Price from £17,000 (est)
On sale September
What is it? New C-Max will be available in five- and seven-seat ‘Grand’ formats
An all-new C-Max is less than a year away from launch. It will be the first model built on Ford’s new mid-sized platform, and the same underpinnings will eventually be used as the basis for up to two million Fords a year, including the third-generation Focus.
Ford has decided to follow the direction taken by Citroën and Renault, and offer a seven-seat ‘Grand’ version of the next C-Max alongside a normal five-seat model. The two variants will have completely different door and seating arrangements, to ensure that both access and versatility aren’t compromised.
The five-seater will have conventional rear doors and a similar interior layout to the current car’s. The larger Grand C-Max will get sliding rear doors and a special chair in the middle of the second row, which can be stowed beneath either of the window seats to create a bus-like aisle running down the centre of the vehicle.
‘The current C-Max is excellent to drive, but it isn’t exactly a flexible MPV. The new car should address that and keep up the driving fun.’
Used car editor
As for the interior, it’s clearly been inspired by the latest Fiesta’s, and borrows the mobile phone-style dash layout. The easy-to-reach gearlever is mounted below the stereo and heater controls.
As you’d expect, the new car will also be greener and cheaper to run. Ford is developing a new direct-injection turbocharged petrol engine called the Ecoboost, which it says uses around 20% less petrol than a similarly powerful conventional engine. A 1.6-litre version is expected to make its debut in the C-Max.
Price from £16,895
On sale January
What is it? Redesigned and reworked Grand C4 Picasso could give sister Citroën a fright
Peugeot has based its new seven-seater on sister company Citroën’s Grand C4 Picasso. There’s no better place to start, because the Picasso is still our favourite MPV more than three years after its launch.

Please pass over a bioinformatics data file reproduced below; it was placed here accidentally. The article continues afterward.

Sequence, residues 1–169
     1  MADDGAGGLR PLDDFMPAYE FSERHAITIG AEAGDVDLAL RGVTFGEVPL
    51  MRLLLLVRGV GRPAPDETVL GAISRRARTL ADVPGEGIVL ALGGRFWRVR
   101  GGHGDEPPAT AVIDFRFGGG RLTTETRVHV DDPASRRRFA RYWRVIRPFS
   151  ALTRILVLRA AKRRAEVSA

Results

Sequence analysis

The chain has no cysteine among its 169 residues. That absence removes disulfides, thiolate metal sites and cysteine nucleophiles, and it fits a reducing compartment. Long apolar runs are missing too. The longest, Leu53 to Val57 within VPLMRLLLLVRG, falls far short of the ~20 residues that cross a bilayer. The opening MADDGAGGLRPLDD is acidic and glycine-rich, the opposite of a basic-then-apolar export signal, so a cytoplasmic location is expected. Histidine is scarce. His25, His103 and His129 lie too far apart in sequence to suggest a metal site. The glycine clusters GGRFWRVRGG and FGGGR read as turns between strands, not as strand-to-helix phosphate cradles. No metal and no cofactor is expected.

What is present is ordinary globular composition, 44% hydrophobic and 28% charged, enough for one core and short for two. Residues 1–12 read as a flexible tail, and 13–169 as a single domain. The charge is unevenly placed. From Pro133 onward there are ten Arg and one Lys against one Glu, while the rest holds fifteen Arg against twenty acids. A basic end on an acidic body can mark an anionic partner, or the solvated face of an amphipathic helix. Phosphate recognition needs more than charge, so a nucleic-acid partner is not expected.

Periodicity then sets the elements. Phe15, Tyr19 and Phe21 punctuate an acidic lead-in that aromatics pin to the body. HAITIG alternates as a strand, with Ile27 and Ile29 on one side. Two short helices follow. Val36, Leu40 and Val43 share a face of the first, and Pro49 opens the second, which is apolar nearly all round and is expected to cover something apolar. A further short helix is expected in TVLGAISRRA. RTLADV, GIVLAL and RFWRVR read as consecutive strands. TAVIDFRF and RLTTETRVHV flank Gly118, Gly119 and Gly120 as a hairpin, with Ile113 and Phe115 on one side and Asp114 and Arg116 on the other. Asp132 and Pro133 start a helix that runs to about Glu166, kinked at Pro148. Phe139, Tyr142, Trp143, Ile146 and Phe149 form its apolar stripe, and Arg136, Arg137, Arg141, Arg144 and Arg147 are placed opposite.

As well as a boxier exterior and a dash borrowed from the new 3008 crossover model, the 5008’s suspension and steering have been tweaked to make it more fun to drive. We’ve tested it and it’s more composed than the Citroën round corners, although the ride is fidgety on poorly surfaced roads.
Peugeot has followed Citroën’s clever seating system – which allows the middle row of seats to fold flat and the rear two to be hidden under the floor – but has done away with the huge up-and-over windscreen we love on the C4 Picasso.
Price from £17,500 (est)
On sale August
What is it? Less van-like Touran will arrivein the UK earlier than anticipated
The Touran has always been a sensible, solid and fine-driving MPV. If only it was a little bit more interesting to look at. Well, it will be. The latest incarnation of the Touran will get Volkswagen’s sleek new front end – seen on the Scirocco and sixth-generation Golf – and its shape will be less boxy. This computer-generated image shows what it may look like.
No surprise with the engines – they’ll be from VW’s existing line-up: 1.4-litre petrols, and 1.6 and 2.0 diesels should feature.
We’ve heard through the grapevine that VW-owned Skoda is also spreading its wings and will be launching an MPV based on the Touran. It’s likely to be a little cheaper than the VW version, and is set to go on sale by early 2011.
Price from £17,000 (est)
On sale Early 2011
What is it? The Orlando will offer flexible seating for seven, and with chunky SUV looks
We first saw the Orlando concept car at last year’s Paris motor show, but it won’t become a reality in the UK until early 2011. The good news is that the chunky SUV styling of the concept model won’t be dumbed down on the production car.
At least one engine promises more than 40mpg – perhaps the 148bhp 2.0 diesel found in the concept car – but there will be a wide range of options to choose from.
There are three rows of seats, and the rear two rows fold to create a 900-litre loadbay.